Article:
Have you ever broken an engagement Have you ever had a major breakup of any type? It happens to the best people, and sometimes there is absolutely nothing you can do about it.
Breakups aren't fun for anyone--whether you're the one being broken up with or the one who decides to end the relationship. You've probably seen people react in ways that are embarrassing to everyone around them.
Experiencing a Painful Breakup
If you have ever been through a broken engagement, you know the wretched feelings that happen as soon as it's over.
When the people you work with learn about the breakup, you may find yourself the topic of conversation and gossip. While there is no way to stop the office big mouth, you can politely tell people that yes, you have broken the engagement, but you'd rather not discuss it. It's a good idea to come up with a plan on how to respond to questions as soon as you dry your tears.
First of all, you need to remember that not all engagements end in marriage. An engagement period is a good time to learn how your prospective partner reacts in stressful situations, and the breakup will multiply that exponentially.
There are no easy answers or a one-size-fits-all solution. However, there are some general rules and guidelines that can make this as painless as possible.
Even if you never see the other person again, it’s always a good idea to keep things fair and honest. Following your everyday good manners during this difficult time will keep you from having regrets later. You may not want anything to do with the person now, but burning bridges can damage the potential of future relationships with the ex or with other people of influence in your life.
Just as you would announce an engagement, you would want to let everyone know that the wedding has been called off. However, a celebratory party is generally not in order at a time like this. There are other ways to announce your breakup.
Discuss your split with the clergy member or wedding officiant. This person needs to know before anyone else so he or she can take the wedding off what is probably a very busy schedule. Some clergy members may request at least one counseling session.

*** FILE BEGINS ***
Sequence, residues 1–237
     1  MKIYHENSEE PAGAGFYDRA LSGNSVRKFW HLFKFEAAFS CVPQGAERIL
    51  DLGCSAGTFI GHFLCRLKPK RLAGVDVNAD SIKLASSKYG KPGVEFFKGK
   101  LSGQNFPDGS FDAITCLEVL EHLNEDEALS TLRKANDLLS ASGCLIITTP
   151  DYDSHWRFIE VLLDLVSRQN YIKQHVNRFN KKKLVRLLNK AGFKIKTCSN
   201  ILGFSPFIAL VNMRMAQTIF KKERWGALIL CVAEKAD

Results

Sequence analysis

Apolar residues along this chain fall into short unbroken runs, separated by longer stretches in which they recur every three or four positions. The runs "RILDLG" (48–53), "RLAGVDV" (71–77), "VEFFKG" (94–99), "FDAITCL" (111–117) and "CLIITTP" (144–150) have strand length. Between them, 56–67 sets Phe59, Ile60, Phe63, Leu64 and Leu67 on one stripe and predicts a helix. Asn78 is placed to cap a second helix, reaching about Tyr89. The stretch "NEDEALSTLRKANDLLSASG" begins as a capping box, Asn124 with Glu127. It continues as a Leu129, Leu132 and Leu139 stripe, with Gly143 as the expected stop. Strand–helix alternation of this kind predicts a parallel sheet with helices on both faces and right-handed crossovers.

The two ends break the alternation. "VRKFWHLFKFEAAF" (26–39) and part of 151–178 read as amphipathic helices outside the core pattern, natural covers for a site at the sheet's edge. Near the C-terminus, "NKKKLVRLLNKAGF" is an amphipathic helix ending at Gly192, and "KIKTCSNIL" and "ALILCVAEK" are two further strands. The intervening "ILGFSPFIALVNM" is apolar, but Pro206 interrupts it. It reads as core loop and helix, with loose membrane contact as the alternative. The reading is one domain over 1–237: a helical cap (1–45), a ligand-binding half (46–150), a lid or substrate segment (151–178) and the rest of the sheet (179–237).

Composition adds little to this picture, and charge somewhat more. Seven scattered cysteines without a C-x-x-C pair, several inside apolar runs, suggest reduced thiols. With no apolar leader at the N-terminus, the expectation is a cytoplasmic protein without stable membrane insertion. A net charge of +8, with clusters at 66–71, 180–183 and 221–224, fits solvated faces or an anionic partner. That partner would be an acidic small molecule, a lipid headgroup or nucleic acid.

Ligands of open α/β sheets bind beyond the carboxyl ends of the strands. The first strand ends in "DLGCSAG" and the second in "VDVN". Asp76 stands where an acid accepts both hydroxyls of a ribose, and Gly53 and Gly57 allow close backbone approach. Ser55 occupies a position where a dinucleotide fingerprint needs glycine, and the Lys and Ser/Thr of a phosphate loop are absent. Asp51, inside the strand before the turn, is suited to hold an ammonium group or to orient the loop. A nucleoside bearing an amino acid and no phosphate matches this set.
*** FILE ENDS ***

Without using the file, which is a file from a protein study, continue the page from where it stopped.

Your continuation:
It’s never a good idea to play the blame game, unless one of you did something in public that can’t be ignored. If possible, tell people that it was a mutual decision to agree to part ways. If someone asks for more information, in the politest way you can, say it isn’t open for discussion and that you have others to contact. Don’t allow yourself to be pulled into a lengthy discussion. Do whatever you can to change the subject.
However, if one of you had a public affair or did something inexcusable, there is no way around people knowing the facts. It’s still best if you don’t perpetuate the discussion, or you may have a more difficult time getting your life back.
What you and your former partner can do to let friends and family know:
- Call groups of friends together and tell everyone at the same time.
- Divide the list and each of you call your half.
- If the wedding guest number is too large to handle it between the two of you, enlist the help of other wedding party members and family.
You’ll want to contact all the vendors, including your caterer, photographer, videographer, florist, cake decorator, and anyone else you have hired to provide a service during your wedding or reception. You probably won’t get your deposit back, and you may still be liable for part of the payment to secure the services.
Most of the time, engagement rings are considered gifts contingent on a wedding taking place. The bride should return it upon breaking off the engagement. However, if the ring was offered as a birthday or holiday gift, it is hers to keep.
If there is a disagreement over the ring and who gets it, you should seek legal counsel.
State laws vary over the conditions of who gets the ring. In some states, if the groom breaks the engagement, the bride may keep the ring, but if the bride breaks things off, she must give back the ring. Other states consider the ring an outright gift.
As soon as possible after the breakup, all wedding gifts should be returned in the original packaging. This is one reason it is never a good idea to use a wedding gift before the ceremony. When you send the gift back, enclose a thank you note and let the person know that the wedding will not take place. It is not necessary to give a reason or detailed explanation. This includes all monetary gifts.
Many couples combine their belongings before the wedding. If the two of you are splitting on good terms, and you are certain that no one will argue over what belongs to whom, get together to divide your things. However, if there is any doubt about how the other person will react, ask a family member or friend to be present or to return the other person’s belongings.